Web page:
Pharmacotherapy in the Public Sector Care of Hispanics
It is believed that the unique characteristics of Hispanics, rooted in their cultural heritage, play a major role in their utilization of mental health services and response to pharmacotherapeutic treatment (1,2). Moreover, it is believed that the Hispanic patient seen in the public sector typically suffers from a major psychiatric disorder. Epidemiological studies have suggested that the poor, including Hispanics, are more often labeled as being severely mentally disordered, and that the Hispanic population suffers a higher incidence of major psychiatric disorder than the general population (3,4). Some studies report that there are more Hispanics who have functionally impairing symptomatology compared to other persons who are mentally ill (4,5). Still other research has shown that low income, poorly educated patients, Hispanics included, are accepted less often into psychotherapy (7). Furthermore, low income groups generally receive less physician time than more affluent groups (8), and are more likely to be on chemotherapy (7). Thus the public sector mental health care network is most often the primary point of access for Hispanics who require mental health services in the United States, and pharmacotherapy is considered to be an integral part of the treatment plan for the Hispanic patient.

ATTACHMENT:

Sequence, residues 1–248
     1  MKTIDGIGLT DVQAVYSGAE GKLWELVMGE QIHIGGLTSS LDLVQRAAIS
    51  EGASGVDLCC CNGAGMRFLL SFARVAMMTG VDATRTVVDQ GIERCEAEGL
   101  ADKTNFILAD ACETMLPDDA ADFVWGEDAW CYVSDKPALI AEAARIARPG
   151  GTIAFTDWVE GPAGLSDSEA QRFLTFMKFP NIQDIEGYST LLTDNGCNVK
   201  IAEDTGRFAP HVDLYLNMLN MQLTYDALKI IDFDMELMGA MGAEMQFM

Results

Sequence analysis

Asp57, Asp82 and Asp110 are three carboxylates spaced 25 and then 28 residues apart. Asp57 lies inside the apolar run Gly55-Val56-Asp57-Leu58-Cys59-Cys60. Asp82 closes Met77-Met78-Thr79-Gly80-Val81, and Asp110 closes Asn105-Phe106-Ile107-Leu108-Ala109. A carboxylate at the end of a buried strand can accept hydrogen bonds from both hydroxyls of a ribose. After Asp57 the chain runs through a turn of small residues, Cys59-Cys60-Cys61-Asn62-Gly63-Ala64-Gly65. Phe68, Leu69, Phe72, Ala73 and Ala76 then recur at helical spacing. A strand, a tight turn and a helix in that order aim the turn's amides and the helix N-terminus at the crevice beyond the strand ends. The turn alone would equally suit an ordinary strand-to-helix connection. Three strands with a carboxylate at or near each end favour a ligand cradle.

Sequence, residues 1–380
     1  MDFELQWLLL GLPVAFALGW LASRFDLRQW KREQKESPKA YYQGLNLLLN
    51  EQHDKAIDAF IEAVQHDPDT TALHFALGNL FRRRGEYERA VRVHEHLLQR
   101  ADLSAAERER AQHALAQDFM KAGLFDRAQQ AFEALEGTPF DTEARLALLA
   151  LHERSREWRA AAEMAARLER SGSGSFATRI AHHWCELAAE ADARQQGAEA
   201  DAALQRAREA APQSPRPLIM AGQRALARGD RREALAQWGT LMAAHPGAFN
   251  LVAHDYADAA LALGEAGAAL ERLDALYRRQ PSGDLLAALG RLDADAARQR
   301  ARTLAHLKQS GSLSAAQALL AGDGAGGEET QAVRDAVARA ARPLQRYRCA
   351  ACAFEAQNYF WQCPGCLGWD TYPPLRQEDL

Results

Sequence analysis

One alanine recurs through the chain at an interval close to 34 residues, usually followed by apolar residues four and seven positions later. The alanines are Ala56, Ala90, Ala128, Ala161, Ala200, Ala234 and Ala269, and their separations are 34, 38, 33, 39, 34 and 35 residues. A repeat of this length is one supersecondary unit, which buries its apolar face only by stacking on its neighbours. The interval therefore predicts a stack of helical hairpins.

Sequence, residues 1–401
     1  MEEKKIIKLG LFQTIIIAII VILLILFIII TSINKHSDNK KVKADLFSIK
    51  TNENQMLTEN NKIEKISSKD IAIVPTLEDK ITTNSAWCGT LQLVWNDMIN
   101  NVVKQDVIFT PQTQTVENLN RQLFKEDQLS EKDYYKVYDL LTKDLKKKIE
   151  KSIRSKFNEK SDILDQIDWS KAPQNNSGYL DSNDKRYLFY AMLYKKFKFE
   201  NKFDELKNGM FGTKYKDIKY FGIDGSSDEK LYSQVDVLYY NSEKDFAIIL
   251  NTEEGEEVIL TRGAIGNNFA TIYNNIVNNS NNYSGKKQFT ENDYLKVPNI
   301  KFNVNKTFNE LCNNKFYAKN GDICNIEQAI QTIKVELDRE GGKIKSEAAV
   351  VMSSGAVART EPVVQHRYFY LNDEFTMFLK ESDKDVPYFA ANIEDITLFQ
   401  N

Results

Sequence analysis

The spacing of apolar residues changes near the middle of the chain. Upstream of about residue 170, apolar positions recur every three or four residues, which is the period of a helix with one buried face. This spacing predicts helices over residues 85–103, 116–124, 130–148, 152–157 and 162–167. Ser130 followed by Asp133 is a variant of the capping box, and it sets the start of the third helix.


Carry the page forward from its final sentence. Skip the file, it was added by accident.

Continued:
KeywordsMental Health Service Hispanic Patient Major Psychiatric Disorder Affluent Group Multiple Classification Analysis
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